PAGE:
Submit Data |  Help |  Video Tutorials |  News |  Publications |  FTP Download |  REST API |  Citing RGD |  Contact   

Transfection of wild-type deoxycytidine kinase (dck) cDNA into an AraC- and DAC-resistant rat leukemic cell line of clonal origin fully restores drug sensitivity.

Authors: Stegmann, AP  Honders, WH  Willemze, R  Ruiz van Haperen, VW  Landegent, JE 
Citation: Stegmann AP, etal., Blood. 1995 Mar 1;85(5):1188-94.
Pubmed: (View Article at PubMed) PMID:7532033

The AraC-resistant rat leukemic cell line RO/1-A has been shown to have a typical deoxycytidine kinase (DCK)-deficient phenotype and cannot metabolize the antileukemic drugs cytarabine (AraC) and decitabine (DAC). To investigate the relative contribution of mutations in the dck gene to the development of in vitro-induced AraC-resistance, a neomycin selectable plasmid construct harboring the wild-type dck coding region was transfected into RO/1-A. Polymerase chain reaction analysis confirmed the presence of vector DNA in the target cells (RO/1-ADCK) that were stably transfected and monitored over a period of 14 weeks. Northern and Western blot analysis showed restoration of dck mRNA and protein expression. Initial rate measurements of DCK activity showed that Km values for dck were only slightly altered as a result of transfection, whereas strongly increased Vmax values were observed, resulting in a 12-fold increased phosphorylation efficiency for both dC and AraC, compared with the AraC-sensitive parental cell line RO/1 from which the RO/1-A was originally derived. In vitro sensitivity to AraC- and DAC-mediated cytotoxicity was fully restored in RO/1-ADCK. The data pinpoint acquired DCK deficiency caused by mutations of the dck gene as the major cause of AraC resistance in this model.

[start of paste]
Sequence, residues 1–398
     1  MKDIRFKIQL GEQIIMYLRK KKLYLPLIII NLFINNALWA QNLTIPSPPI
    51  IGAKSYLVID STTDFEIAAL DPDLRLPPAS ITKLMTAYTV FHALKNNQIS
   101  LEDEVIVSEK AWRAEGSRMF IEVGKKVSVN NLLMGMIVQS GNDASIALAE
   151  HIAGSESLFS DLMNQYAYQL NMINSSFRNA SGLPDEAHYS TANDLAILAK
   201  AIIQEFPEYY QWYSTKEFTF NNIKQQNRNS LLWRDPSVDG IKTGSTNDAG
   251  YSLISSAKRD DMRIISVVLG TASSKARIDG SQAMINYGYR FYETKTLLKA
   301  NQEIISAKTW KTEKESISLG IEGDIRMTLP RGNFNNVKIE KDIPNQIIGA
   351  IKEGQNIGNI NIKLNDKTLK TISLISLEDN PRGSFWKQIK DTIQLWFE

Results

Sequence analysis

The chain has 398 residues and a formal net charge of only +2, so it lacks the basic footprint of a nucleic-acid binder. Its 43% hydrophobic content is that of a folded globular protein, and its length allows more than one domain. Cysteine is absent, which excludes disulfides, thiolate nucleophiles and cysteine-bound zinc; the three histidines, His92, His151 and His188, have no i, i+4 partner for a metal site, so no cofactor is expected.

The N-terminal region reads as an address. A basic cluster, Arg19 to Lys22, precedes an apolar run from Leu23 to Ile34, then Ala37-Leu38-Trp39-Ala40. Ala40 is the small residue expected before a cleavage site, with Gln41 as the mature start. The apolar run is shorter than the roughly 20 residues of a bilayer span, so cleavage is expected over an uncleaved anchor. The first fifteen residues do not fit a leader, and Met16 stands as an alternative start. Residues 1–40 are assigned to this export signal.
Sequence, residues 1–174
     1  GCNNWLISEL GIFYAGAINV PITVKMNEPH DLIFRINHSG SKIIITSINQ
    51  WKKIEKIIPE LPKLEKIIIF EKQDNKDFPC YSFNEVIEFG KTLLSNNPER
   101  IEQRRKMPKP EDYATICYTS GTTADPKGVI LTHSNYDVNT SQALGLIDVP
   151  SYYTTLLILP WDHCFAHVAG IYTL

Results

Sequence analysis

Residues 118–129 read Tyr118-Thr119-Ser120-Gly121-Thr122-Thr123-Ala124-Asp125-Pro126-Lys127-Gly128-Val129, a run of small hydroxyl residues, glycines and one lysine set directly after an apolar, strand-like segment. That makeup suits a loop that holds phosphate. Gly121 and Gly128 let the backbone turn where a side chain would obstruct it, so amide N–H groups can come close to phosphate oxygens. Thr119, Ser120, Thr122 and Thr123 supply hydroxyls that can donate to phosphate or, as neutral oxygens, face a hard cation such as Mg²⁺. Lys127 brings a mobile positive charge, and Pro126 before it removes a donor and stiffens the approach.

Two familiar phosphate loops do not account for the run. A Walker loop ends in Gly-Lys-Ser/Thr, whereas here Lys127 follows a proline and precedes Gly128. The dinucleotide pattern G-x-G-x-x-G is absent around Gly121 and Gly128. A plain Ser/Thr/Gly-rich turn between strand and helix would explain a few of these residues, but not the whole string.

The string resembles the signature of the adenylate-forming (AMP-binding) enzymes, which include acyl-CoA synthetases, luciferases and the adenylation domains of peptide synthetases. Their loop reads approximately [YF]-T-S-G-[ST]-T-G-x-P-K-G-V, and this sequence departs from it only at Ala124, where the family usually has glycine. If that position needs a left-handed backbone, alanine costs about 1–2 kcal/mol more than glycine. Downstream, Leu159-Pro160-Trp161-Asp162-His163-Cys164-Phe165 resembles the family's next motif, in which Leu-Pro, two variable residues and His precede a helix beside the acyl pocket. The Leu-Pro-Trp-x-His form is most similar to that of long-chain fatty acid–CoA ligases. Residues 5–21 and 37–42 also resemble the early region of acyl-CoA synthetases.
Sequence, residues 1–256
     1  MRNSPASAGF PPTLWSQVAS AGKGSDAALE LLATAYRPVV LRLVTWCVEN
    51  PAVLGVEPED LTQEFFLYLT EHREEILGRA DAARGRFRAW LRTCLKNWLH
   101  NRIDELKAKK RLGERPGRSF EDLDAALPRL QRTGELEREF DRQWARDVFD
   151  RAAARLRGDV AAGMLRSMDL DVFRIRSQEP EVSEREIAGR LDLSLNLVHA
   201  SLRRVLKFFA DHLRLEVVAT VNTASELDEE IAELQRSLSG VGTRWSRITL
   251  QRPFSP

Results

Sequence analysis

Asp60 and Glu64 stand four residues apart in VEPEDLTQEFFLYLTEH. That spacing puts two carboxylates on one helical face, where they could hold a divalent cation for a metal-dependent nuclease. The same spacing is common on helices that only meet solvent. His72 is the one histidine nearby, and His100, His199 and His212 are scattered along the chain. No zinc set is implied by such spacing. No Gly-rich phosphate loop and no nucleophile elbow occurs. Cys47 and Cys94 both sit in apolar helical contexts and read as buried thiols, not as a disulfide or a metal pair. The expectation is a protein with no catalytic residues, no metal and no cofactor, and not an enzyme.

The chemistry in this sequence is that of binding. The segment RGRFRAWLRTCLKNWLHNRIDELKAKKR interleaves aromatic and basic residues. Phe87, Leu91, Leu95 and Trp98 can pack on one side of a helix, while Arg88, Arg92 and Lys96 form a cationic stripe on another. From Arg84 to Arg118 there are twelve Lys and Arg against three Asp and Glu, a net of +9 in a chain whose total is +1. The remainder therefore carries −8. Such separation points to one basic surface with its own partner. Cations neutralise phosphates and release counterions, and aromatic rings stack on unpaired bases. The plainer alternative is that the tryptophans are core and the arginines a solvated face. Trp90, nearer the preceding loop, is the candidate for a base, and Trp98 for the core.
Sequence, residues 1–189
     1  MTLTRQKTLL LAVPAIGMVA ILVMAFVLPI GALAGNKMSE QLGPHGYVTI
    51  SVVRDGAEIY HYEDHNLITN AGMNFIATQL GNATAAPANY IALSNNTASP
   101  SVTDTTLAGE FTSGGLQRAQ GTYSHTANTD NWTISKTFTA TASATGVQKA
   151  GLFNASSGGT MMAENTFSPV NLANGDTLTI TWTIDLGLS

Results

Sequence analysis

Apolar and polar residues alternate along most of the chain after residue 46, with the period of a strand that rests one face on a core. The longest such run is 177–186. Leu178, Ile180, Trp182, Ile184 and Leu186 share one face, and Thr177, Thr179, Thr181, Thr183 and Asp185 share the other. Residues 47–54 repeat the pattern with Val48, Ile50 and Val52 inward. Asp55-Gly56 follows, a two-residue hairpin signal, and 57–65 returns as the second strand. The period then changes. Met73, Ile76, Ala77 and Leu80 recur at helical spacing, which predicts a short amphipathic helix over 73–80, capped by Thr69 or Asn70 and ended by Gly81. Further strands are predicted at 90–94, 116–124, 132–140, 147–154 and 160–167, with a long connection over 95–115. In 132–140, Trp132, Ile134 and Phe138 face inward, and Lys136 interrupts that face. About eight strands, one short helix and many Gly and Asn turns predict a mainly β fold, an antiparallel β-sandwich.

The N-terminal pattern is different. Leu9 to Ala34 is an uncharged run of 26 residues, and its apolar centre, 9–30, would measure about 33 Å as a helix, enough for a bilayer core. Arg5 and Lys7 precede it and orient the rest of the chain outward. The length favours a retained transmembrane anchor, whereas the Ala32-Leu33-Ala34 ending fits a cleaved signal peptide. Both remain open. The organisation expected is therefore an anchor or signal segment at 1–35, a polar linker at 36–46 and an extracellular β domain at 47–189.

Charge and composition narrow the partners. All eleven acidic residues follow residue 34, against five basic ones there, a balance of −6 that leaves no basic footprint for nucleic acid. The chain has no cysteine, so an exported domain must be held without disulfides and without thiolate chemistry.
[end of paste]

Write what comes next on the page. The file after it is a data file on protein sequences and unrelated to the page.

Gene Ontology Annotations
Objects Annotated

Additional Information

RGD Object Information
RGD ID: 2300399
Created: 2008-09-17
Species: All species
Last Modified: 2008-09-17
Status: ACTIVE


RGD is funded by grant HL64541 from the National Heart, Lung, and Blood Institute on behalf of the NIH.